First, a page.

But the thing I haven’t known until fairly recently is that there is a tween place for parents, too. I am a tween mom right now, and there are no department store areas set aside for me, no rock bands that sing of my particular angst. I am betwixt and between, having kids who sometimes need me and sometimes don’t, who get mad if I don’t walk them to school and then get mad if I try to hold their hands as we cross the street. There are all new rules now, and I haven’t gotten the rule book. Oh, and the rules change from moment to moment. Somebody twitter me the latest version.
Take the netball trials on Wednesday. Naomi wanted me to come and watch her—it was seriously important to her. So at 3 I went off in the sudden autumn drizzle to watch her doing wind sprints and ball drills in the school hall before playing a scrimmage in the newly-sunny school yard. Naomi is lovely at netball, her willowy body and endlessly-long arms stretching and grabbing the ball magically, her determination and drive etched in fleeting lines around her eyes and mouth, lines which time will carve into her face.
I had been briefed on my behaviour before hand. No yelling or cheering, no calling attention to myself or to her. Nothing that would suggest to any of the other girls that I was her mother (why she thinks they might forget is beyond me). I did what I was told, although I smiled at her when I arrived (seemed in bounds). I tried to sink into the wall and become innocuously invisible, as I was the only mother in attendance.
So it was a surprise when, at the end of practice, she turned and huffed home, not a word to me. Aidan and I followed, perplexed, and came home to an empty house with Naomi’s door closed—as usual. I tried to check in with her and got a grunt. Pushing it a little to see what was wrong, I got snapped at. So much for that. So Aidan and I played and talked and hung out for a while. Maybe it was the smell of popcorn or the sound of cards being shuffled, but suddenly, an hour later, Naomi was there, no mention of the sulking or what it was attached to, wondering if she could eat and play with us.
So what do I do with the push-me-pull-you of that? Suddenly, I’m 13 again and feeling slighted by a friend. I don’t want to share my popcorn or my cards with her but to glare at her and mutter under my breath about how she’s missed her chance, about how I’d given up an hour and a half of my day in this slammed-busy week without so much as a thank you, without so much as a daughter to walk home with after school. But I am not actually 13, and so I pushed the popcorn over to her and dealt her into our hot game of Go Fish. This was just a little scab, a little time for me to practice my attachment and my non attachment, to understand that she’s needing to separate and also still needs her mommy. I’m good at the theory of it all.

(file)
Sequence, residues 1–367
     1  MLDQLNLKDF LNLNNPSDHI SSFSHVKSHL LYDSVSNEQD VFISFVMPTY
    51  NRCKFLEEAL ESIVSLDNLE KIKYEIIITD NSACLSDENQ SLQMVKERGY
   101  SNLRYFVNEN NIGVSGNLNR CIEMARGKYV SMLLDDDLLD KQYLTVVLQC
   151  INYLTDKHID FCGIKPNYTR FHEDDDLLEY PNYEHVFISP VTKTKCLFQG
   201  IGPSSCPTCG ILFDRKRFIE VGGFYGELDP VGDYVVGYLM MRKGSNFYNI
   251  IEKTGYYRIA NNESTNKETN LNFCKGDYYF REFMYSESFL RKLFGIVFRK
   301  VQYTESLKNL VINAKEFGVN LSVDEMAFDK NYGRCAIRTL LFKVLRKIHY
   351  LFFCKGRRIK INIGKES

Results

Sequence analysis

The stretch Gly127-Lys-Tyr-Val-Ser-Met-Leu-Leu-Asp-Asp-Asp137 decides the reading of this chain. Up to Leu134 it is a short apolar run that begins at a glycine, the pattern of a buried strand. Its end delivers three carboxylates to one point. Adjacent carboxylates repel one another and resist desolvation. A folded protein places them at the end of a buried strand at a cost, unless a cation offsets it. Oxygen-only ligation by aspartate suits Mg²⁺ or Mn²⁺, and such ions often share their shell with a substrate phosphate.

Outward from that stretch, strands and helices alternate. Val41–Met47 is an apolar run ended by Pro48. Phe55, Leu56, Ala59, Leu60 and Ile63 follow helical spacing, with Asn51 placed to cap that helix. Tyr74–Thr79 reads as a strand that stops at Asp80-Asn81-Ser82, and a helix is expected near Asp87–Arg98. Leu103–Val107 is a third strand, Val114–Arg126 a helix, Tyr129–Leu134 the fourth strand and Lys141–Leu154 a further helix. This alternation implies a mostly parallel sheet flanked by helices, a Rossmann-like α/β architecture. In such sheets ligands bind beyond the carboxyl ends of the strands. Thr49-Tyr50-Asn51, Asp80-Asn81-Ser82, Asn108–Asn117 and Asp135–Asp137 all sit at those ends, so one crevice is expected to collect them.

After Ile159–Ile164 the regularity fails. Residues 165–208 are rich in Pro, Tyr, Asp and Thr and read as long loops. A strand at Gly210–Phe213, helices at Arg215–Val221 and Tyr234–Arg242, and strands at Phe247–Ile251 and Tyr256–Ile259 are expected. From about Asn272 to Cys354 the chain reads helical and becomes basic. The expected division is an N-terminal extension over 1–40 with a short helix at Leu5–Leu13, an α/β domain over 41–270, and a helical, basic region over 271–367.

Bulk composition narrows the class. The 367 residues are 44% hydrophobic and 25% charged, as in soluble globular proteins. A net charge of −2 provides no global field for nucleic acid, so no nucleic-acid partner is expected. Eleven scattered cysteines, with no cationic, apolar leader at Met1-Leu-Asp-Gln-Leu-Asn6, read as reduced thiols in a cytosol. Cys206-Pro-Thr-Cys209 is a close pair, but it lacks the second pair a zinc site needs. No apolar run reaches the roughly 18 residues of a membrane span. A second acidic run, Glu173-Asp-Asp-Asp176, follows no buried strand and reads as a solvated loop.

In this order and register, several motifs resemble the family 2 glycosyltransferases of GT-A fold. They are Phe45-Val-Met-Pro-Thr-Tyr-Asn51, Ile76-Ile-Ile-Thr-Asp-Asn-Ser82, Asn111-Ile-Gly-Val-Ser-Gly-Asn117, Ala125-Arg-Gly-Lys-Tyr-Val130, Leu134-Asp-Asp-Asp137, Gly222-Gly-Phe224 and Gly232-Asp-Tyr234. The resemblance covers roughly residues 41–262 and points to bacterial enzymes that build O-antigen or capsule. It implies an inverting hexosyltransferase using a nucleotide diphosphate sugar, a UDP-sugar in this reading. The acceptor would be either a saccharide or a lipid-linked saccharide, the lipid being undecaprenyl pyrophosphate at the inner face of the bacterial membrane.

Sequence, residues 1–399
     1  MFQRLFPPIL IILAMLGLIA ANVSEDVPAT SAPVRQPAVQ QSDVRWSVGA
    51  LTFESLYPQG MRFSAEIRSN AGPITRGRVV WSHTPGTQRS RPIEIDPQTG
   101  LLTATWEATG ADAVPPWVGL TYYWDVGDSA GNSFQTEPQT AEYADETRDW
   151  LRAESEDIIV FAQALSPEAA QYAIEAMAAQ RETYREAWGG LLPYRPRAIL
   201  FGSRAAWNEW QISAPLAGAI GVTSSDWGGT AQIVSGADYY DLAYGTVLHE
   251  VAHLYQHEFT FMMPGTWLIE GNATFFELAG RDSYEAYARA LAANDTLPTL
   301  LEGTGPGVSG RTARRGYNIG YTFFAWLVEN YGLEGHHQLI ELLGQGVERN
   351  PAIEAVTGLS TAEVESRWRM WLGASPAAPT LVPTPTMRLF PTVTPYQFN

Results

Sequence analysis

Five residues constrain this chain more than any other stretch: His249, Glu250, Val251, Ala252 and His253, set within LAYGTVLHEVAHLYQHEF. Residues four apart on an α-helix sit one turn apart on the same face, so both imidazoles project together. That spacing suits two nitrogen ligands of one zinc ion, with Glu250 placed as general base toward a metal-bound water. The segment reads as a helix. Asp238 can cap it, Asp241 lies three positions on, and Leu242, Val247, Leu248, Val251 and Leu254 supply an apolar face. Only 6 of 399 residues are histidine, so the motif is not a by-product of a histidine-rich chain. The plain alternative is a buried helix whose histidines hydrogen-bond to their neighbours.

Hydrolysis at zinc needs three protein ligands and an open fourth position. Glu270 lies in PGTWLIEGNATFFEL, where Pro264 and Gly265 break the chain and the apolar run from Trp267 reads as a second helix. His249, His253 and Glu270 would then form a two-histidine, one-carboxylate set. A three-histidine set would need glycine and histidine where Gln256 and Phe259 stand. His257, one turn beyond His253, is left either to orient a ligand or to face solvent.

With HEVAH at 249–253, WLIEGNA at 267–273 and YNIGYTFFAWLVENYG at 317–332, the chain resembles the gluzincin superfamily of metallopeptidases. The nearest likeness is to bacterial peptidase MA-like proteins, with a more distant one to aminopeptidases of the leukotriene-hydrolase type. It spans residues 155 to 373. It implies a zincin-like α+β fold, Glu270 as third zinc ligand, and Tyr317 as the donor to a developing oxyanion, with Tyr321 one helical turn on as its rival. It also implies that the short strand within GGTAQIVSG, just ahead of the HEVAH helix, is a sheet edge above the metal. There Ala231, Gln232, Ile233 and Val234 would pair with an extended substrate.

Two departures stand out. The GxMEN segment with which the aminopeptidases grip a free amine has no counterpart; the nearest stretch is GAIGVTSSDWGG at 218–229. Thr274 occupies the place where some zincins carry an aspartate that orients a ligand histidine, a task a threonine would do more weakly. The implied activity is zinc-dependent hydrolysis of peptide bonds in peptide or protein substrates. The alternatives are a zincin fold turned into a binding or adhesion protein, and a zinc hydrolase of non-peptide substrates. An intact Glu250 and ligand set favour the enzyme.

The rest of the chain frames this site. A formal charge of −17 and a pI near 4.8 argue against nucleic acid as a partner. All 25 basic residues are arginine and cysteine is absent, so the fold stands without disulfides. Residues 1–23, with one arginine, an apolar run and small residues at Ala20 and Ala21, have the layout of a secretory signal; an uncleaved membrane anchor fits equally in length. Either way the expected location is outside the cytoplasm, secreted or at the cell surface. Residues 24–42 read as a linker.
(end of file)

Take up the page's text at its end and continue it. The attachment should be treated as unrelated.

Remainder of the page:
But the tween-ness of it isn’t just hard on her. It’s hard on me because I never know which Naomi I’ll find and thus which mother I’m supposed to be. When I walk her to school, each moment is a barometer of the constantly shifting weather; some days she drapes my arm over her shoulders; other days she storms off ahead of me. Not knowing which Naomi I’ll get makes it hard for me to find stable ground for where to put my own emotions. Her dance of attachment and separation is my dance too, only I am definitely not leading on this dance floor. The theory is one thing but the practice of it is wearing.
Wednesday night, I went to cuddle with her before I worked out, as I do each evening. Aidan insists upon the nightly cuddle, yelling out for me if I’m taking too long to make my way upstairs to him. Naomi could take it or leave it, shrugging some nights when I ask whether she wants to cuddle or be left alone to read. “S’up to you.” This night, because it was up to me, I wanted to hold my girl again. I climbed on to her bed, stepping over piles of tween magazines and stacks of tween books, pushed the dozens of stuffed animals out of my way, and snuggled down with this angular big girl, complete with velvet sleeping mask. We talked about her day, about why she was so frustrated at the netball trials (had nothing to do with me, of course—she wasn’t even thinking about me when she stormed home). After a while, I got up to go—there was sweating to do and then lunches to finish and the dishwasher to load and I am always pushing against the merciless onslaught of time. Naomi held me tight. “You always go so fast,” she complained. “Couldn’t we slow it down just a little?” And on the one hand, she was wrong. I don’t go so fast, I make heaps of time for her, and I didn’t have time to slow down a little. It was another example of Naomi putting her needs ahead of my needs to work out, to take care of the house, to sleep. But on the other hand, she was naming one of the fundamental truths of parenthood. It goes so fast. And one of the fundamental desires of all of us sometimes: Can’t we just slow it down a little? And so I relaxed back into the conversation, stroking her hair, hearing her sleepy laugh, holding her and being held by her. The memories of the chubby giggling toddler and the imaginings of a graceful grown woman danced at the edge of my mind. I am a tween mom, between childhood and adolescence. Between attachment and separation. But the thing that does not change, the rule book that does not need to be updated, is that I am fully inside of love.